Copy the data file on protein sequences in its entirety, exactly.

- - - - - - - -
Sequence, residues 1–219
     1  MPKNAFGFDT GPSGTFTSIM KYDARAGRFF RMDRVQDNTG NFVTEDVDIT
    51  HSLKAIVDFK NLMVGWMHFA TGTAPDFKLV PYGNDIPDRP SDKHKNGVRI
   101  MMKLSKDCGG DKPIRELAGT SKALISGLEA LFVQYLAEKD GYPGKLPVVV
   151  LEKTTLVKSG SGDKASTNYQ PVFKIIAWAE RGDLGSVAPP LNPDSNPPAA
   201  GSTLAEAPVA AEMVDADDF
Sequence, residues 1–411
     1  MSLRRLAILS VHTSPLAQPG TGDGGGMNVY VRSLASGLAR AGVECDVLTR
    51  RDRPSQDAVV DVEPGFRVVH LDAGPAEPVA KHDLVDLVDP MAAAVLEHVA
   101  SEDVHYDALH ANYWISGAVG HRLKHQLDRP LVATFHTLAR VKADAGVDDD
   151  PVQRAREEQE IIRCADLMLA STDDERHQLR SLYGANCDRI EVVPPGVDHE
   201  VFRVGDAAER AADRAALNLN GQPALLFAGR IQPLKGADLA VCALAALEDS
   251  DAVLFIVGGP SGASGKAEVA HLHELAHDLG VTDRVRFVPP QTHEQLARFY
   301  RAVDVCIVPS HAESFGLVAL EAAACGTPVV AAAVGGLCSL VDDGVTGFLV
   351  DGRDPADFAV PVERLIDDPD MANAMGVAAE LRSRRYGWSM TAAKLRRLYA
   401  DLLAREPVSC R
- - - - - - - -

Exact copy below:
Sequence, residues 1–219
     1  MPKNAFGFDT GPSGTFTSIM KYDARAGRFF RMDRVQDNTG NFVTEDVDIT
    51  HSLKAIVDFK NLMVGWMHFA TGTAPDFKLV PYGNDIPDRP SDKHKNGVRI
   101  MMKLSKDCGG DKPIRELAGT SKALISGLEA LFVQYLAEKD GYPGKLPVVV
   151  LEKTTLVKSG SGDKASTNYQ PVFKIIAWAE RGDLGSVAPP LNPDSNPPAA
   201  GSTLAEAPVA AEMVDADDF
Sequence, residues 1–411
     1  MSLRRLAILS VHTSPLAQPG TGDGGGMNVY VRSLASGLAR AGVECDVLTR
    51  RDRPSQDAVV DVEPGFRVVH LDAGPAEPVA KHDLVDLVDP MAAAVLEHVA
   101  SEDVHYDALH ANYWISGAVG HRLKHQLDRP LVATFHTLAR VKADAGVDDD
   151  PVQRAREEQE IIRCADLMLA STDDERHQLR SLYGANCDRI EVVPPGVDHE
   201  VFRVGDAAER AADRAALNLN GQPALLFAGR IQPLKGADLA VCALAALEDS
   251  DAVLFIVGGP SGASGKAEVA HLHELAHDLG VTDRVRFVPP QTHEQLARFY
   301  RAVDVCIVPS HAESFGLVAL EAAACGTPVV AAAVGGLCSL VDDGVTGFLV
   351  DGRDPADFAV PVERLIDDPD MANAMGVAAE LRSRRYGWSM TAAKLRRLYA
   401  DLLAREPVSC R